Hurricane Ties - Keeping the Lid On

[fa icon="calendar'] Nov 21, 2017 10:00:00 AM / by Kenneth R Quigley, PE

With the 2017 hurricane season coming to an end Harvey, Irma, Jose, and Maria affected large parts of the USA and Caribbean.  Examples of roof uplift can be found in numerous structures. If a roof is not properly tied down the entire roof structure can be blown away as in this photograph from St. Thomas.

When hurricanes or high winds strike buildings the roofs can be sucked upward in the same manner as an airplane wing.  In extreme cases the entire roof structure can get sucked off the building.  Newer, hurricane-resistant structures incorporate hurricane ties - metal straps which attach the roof securely to the main part of the house below.  Parts of the house are also tied together all of the way down to the foundation providing a path for the roof uplift forces all the way to the foundation.  Without these ties, strong winds will make quick work of a roof. 

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Mold in walls after a hurricane or flooding

[fa icon="calendar'] Oct 19, 2017 4:00:00 PM / by Robert Pfeifer, AIA

Excessive growth of mold can destroy building materials and also cause health problems.

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Water Damage During Construction

[fa icon="calendar'] Oct 11, 2017 3:55:00 PM / by Robert Pfeifer, AIA

 

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Increasing Demand for Hotels keeps Construction Boom Going

[fa icon="calendar'] Oct 5, 2017 10:50:00 AM / by Mark McGivern

The hotel business continues to reach new heights with greater and greater demand for more occupancy. As such, developers continue to build and open new hotels across the country. 

In fact, according to a recent article in National Real Estate Investor, the number of new hotel rooms planned for this year is up 9% as of the end of September. 

Room demand is at an all time high. "The U.S. hotel industry - through August - has sold more rooms than ever before." This is mostly due to the U.S. economy being relatively strong: "Healthy corporate profits continue to create demand for business travel. And because unemployment is relatively low and the purchasing power of many families is strong, consumers continue to travel for leisure. The damage created by Hurricanes Harvey and Irma also inflated the demand for hotel rooms in Texas and Florida, as people whose homes were damaged needed to find other places to stay."

Continue reading full article here. 

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Using Metal Panels to Stand Up to Hurricanes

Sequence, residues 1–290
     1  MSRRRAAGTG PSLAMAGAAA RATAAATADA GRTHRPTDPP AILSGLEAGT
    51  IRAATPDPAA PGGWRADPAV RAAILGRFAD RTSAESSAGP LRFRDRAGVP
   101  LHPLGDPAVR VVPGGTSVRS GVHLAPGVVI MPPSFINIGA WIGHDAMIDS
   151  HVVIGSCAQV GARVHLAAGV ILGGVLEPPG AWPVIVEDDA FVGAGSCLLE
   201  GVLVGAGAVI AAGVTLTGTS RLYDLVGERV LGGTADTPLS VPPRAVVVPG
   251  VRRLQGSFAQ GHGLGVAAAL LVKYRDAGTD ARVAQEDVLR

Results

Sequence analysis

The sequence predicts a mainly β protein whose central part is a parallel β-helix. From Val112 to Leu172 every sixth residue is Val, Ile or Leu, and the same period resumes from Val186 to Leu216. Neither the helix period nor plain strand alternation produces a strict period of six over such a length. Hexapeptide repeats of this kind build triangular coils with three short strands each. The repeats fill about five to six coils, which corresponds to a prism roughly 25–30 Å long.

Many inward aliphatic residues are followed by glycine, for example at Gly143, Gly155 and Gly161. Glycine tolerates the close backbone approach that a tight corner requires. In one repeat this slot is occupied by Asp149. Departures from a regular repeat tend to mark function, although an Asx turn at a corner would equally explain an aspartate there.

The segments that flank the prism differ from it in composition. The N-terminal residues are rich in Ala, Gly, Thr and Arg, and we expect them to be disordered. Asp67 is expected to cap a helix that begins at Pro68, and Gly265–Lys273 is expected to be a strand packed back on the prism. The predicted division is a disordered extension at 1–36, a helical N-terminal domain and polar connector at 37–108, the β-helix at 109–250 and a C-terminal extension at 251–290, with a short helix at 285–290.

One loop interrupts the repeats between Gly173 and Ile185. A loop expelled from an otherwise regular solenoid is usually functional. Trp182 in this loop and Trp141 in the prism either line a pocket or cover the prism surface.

[fa icon="calendar'] Sep 18, 2017 2:00:00 PM / by Kenneth R Quigley, PE

In areas of the U.S. prone to being hit by hurricanes, like Florida, it is critical that buildings are constructed to stand up to the strength of storms.

Weather-resistant Metal Paneling is one application that is currently being used to withstand the potential damage caused by hurricanes.

According to a recent article in The Construction Specifier, Orlando Veteran Affairs Medical Center, located in a region with a 40% risk of encountering a hurricane, has installed more than 245,000 sf of weather-resistant metal walls, tested to withstand winds from a Category 3 hurricane

As stated in the article, the building features thermal efficiency, moisture control, and weather resistance suitable for the hurricane risk in Orlando, the panels are pressure-equalized along horizontal joints. Insulated metal vertical (IMV) joints are also employed, improving visual appeal by creating the illusion of an uninterrupted façade and minimizing both streaking and staining. All panels used are 22-gage and feature foamed-in-place cores to minimize gaps in insulation.

Continue reading full article here. 

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Protecting Infrastructures from Major Floods

[fa icon="calendar'] Sep 14, 2017 4:00:00 PM / by Kenneth R Quigley, PE

Flooding has dominated much of the news in recent years and this hurricane season it seems to be even more prevalent. The impact of this flooding is greater due to growing infrastructure and the rapid rate that new construction is going up.

Concrete is the modern world’s most commonly used building material however century-old concrete structures are outlasting modern concrete structures erected in the last 50-years. Why? One factor is the way in which the buildings are reinforced. According to a recent article in The Construction Specifier, instead of using solid stone, most U.S. infrastructure is constructed of reinforcing steel embedded within poured concrete. As the priorities of construction methods shift to increase productivity and streamline scheduling, long-term durability often takes a backseat.